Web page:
Aulexic was founded by mother and teacher, Rebecca Laffar-Smith in January, 2015, in Western Australia. The challenge of finding engaging books for her children and students was something that Rebecca knew could be a struggle, especially for children with dyslexia – finding a book to engage a ten year old child with a six year old reading level and twelve year old interests was something that Rebecca sought to overcome and struggled with. What child wants to read something that might be at their level, but provide little interest for them, and therefore, see reading as a chore, rather than a joy? The process of finding material that managed to have the middle ground of age, reading level and interest is frustrating to parents, teachers and the students themselves who want to enjoy what they read. Because of this, Rebecca and Aulexic aim to provide children and parents with a choice of eBooks and print titles, as some children respond better to assistive technology, whereas some respond to the tactile nature of a paperback. Aulexic hopes to add audiobooks to this repertoire so that all needs are catered for, and no child misses out on the joy of learning to read and reading. For someone to have a book they enjoy in a format they can engage with is a wonderful step in ensuring that everyone has access to books that they can connect with and enjoy.
At the time, Rebecca was home-schooling her son, diagnosed with acute dyslexia, specific language impairment and autism spectrum disorder – and she created a learning program using collaborative storytelling, and it was here that Bec J Smith and the PI Penguin series was born. The PI Penguin series was the start of an imprint -Aulexic – and an idea that would become a mission to bring a growing range of dyslexia and disability friendly books to children worldwide. The variety of formats Rebecca and Aulexic provide stem from the concerns of parents and teachers over screen time – leading parents and teachers to encourage children to use paperbacks. Rebecca’s philosophy to provide eBooks and paperbacks encourages parents and teachers to redefine screen time when it comes to eBooks, which are admittedly easier to read on a Kindle device than a tablet with backlighting, however, as Rebecca has pointed out, and I agree with her, different formats work for different people, and I applaud Aulexic for seeing and understanding this.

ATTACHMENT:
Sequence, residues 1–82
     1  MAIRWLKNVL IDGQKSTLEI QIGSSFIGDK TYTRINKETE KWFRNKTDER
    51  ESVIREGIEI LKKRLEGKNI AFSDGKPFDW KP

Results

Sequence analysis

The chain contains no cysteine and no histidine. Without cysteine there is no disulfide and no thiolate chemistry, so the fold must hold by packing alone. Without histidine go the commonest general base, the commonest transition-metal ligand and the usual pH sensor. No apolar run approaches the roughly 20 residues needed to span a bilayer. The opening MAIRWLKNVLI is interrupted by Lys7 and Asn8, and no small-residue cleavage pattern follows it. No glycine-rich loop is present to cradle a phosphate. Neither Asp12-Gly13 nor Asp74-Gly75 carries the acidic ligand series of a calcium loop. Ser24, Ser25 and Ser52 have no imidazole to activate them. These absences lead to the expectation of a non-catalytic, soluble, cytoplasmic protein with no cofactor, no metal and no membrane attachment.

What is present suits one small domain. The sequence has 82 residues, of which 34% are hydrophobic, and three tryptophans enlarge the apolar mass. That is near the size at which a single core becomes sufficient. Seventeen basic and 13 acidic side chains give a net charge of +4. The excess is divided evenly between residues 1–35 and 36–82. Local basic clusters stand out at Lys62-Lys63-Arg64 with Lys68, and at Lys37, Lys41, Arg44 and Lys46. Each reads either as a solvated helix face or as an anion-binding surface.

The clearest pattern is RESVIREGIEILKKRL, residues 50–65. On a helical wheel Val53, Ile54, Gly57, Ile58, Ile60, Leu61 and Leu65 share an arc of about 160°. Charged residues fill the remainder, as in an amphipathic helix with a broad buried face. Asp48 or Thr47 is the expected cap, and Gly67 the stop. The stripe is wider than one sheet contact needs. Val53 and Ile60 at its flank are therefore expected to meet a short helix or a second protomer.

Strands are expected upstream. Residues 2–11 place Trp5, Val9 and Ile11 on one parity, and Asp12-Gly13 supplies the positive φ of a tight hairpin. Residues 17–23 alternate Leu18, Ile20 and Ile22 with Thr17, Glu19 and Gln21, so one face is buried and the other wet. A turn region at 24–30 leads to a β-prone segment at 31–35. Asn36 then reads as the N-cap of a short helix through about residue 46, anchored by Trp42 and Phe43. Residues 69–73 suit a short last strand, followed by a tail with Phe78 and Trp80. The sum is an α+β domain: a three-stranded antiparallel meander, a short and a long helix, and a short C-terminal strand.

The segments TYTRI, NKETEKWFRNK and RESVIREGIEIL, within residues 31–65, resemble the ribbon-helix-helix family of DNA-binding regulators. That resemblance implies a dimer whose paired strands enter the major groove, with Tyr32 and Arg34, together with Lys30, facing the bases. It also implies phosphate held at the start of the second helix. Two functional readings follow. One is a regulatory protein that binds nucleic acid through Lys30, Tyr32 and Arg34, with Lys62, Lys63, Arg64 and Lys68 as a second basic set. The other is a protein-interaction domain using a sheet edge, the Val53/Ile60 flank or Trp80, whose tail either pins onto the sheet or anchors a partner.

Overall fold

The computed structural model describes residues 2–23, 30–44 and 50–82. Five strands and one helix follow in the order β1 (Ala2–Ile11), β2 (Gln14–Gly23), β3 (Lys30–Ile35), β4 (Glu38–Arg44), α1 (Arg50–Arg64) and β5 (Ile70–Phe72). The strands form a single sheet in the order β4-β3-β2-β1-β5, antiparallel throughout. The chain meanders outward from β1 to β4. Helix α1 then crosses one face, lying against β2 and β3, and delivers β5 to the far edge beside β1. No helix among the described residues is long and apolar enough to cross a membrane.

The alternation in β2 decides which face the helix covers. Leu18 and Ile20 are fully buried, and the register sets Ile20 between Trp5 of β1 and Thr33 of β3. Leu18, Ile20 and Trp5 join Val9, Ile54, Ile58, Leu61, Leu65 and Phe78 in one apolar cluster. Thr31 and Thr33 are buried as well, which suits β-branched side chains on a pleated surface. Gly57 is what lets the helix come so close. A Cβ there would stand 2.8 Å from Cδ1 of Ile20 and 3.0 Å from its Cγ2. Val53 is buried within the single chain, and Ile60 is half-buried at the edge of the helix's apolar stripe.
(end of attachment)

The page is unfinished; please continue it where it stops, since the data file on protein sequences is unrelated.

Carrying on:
Aulexic has published crime – PI Penguin, science fiction – Zany circus, and YA – Jenna’s Truth. As there are so few authors currently, the top three are Bec J Smith, Nanci Nott and Nadia L King. Their backlist is comprised of three Australian authors, one Australian illustrator, one Indonesian illustrator and one American author. Aulexic believes in fostering Australian authors and talent, but are also open to talented authors and illustrators of other nationalities.
Aulexic is a small press, with one staff member, and they are not able to submit their books for prizes, take on interns or accept submissions at the moment, however, Rebecca does give feedback on submissions, and makes an effort to mentor authors and delivers specific and personal responses to each submission. This would be very beneficial to any author, especially when writing for children and readers who have had learning and reading difficulties in the past – to get the balance of physical age, interest and reading level/age right is important, and fostering these stories and talent is a passion of Rebecca’s. Aulexic pays above standard rates; however, Rebecca says that a standard rate is hard to define, as it can vary between contracts. Because of the split of retail prices, and the publisher and author often receiving the smallest amounts, Rebecca likes her authors to make a fair income from the books they have created.
Aulexic has a Little Owls subscription program, where members do get special treatment and sometimes receive early reader’s copies and insider looks at upcoming titles. Little Owls also gives them insight into what books readers want and this helps them search for those gems in submissions.
Rebecca has an important message for creators wanting to write for children with diverse needs:
“The greatest message we try to share with creators about writing books for children with diverse needs is that the most important thing of all is that the story is engaging for the audience. A lot of children who struggle to read are forced to read “baby” books, or books that match their ability but not their age or interests, and so they get turned off reading and find reading boring. We’ve found that the best indicator of successful literacy is actually a passion, interest, and inner motivation to love stories. We remind our authors of that when they are writing. There is assistive tech and able readers to help children with challenging texts, but there’s nothing but great stories to help them love books. Start with great stories, and we can build in the best layout, designs, supports, and reading practices to help with the reading part.”
Rebecca is happy to provide advance reader’s copies of their titles for review, and welcomes requests for these from AWW participants. Aulexic is entirely unique in their creation of books that people with learning difficulties can access based on interest, not just reading level or age. In combining age, reading ability and interest in a book for a child who has a learning difficulty, English as their second language, or who struggles in any way with reading, Rebecca has hit on a niche in the market that should be getting more attention, and a hidden audience that needs more visibility.
About Ashleigh: I’m a book reviewer, student, aspiring author and hopeful editor living on the Central Coast, NSW. I blog at The Book Muse and can be found on Twitter @TheBookMuse1.